The same technology used to make prosthetic
limb is now being used to clone some of the world's earliest manuscript from Mesopotamia, an area near modern day Iraq. When
the us invaded Iraq in 2003, thousands of
artifacts were stolen from museums in Baghdad. Those losses include tens of thousands of
tablets made by Samarian as early as 5000 years
ago . These cuneiform tablets were some of
the oldest known documents in the world which recorded everything from laws to
simple business transactions.
The project, run by Pisi University's Assyriology department and Italian agency for new technologies, energy and environment, is called duplication and rebirth. It used a process call rapid photo-typing to create the virtual and physical reproductions of the antiques.
Today the team has recorded about the 20 thousand artifacts borrowed by private western collections, they use photographs, bibliographical references and when possible 3D images to catalogue each piece.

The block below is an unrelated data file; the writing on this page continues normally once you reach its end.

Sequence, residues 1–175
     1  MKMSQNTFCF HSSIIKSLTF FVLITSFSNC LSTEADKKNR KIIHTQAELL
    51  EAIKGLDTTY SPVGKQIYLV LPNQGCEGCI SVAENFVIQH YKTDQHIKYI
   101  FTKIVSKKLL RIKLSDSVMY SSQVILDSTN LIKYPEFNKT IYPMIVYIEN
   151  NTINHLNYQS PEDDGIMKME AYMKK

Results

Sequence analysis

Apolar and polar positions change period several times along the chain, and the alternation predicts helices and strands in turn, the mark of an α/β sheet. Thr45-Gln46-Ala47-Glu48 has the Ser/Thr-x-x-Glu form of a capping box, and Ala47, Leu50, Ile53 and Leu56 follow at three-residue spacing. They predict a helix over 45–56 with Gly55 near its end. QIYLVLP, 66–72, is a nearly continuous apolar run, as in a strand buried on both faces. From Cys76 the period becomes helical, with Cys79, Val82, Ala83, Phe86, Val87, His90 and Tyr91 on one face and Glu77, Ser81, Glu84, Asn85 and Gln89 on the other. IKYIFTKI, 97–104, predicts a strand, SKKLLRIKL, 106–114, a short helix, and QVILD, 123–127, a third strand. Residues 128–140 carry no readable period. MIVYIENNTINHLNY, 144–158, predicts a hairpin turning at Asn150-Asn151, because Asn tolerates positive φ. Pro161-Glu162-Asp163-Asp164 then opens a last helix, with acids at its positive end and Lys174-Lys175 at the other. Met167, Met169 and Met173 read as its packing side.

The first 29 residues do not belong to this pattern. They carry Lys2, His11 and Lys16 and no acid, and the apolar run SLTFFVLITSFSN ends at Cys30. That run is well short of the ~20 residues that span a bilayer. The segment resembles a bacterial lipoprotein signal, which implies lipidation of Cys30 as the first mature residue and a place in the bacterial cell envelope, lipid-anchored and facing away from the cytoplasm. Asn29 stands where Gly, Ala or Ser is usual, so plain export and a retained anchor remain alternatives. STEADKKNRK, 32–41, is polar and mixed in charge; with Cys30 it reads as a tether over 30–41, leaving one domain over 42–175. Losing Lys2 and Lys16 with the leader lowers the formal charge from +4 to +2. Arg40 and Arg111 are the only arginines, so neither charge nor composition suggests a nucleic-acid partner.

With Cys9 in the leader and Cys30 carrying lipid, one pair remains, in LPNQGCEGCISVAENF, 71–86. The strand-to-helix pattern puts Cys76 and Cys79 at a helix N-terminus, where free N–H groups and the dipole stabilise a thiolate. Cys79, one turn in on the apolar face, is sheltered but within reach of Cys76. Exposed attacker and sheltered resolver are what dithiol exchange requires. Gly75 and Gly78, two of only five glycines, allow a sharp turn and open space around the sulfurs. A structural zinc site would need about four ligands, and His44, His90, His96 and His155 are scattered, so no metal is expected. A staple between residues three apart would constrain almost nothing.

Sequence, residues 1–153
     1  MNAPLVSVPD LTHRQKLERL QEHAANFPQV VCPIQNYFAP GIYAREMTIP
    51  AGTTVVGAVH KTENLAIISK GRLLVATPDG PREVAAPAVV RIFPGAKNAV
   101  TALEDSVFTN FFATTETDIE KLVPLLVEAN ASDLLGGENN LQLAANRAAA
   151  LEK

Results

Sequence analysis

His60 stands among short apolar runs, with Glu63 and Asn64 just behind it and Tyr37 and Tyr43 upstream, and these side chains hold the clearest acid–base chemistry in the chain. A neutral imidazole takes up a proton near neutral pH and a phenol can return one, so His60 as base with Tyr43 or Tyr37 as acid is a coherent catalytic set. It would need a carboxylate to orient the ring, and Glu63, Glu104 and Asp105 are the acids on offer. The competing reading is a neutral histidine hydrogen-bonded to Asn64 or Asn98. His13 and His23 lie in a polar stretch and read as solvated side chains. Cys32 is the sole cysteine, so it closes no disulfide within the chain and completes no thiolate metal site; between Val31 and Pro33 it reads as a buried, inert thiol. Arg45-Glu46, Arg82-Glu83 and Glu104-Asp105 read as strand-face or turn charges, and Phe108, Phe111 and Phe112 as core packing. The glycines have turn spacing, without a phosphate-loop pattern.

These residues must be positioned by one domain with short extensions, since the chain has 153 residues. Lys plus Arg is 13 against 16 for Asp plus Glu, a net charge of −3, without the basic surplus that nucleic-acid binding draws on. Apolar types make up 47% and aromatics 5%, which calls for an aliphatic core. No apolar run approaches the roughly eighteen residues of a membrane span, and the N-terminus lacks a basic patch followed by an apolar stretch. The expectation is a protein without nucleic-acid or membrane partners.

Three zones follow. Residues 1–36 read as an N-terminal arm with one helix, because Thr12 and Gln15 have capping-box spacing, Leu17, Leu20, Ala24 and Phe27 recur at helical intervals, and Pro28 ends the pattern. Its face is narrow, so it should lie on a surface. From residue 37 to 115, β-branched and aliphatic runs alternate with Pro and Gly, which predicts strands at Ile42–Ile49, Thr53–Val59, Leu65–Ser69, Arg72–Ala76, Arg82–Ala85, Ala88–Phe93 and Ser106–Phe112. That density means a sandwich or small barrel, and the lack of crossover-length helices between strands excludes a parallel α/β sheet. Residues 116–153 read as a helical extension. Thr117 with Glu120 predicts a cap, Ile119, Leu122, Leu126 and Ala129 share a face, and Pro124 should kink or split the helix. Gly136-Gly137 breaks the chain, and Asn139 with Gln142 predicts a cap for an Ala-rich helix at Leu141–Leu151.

Here is a 3-dimensional scanner, we use it to create 3D models of the cuneiform tablets . As you can see, a tablet, in this case a copy, is zipped by laser ray which scans the surface to obtain points to build the 3-D image. The data from the scanner is acquired through software which allows us to build 3-demensional model. This data is necessary for the rapid photo-typing to work, but can also be used to recreate a virtual copy of the tablet which can be viewed on the computer or over the internet.
Data that is collected is then used in rapid photo-typing. Layers of thermoplastic are built up to recreate a precise replica of the original . With these machines, it is possible to make physical model of a tablet, and it is possible to make this tablet layer by layer. The layer is very small, because it's 0.8mm. The 3-demensional model are especially useful, because the tablet is written front back and sides, requiring one to rotate them to read the full text.
For discovery news, I am Matt Dansco.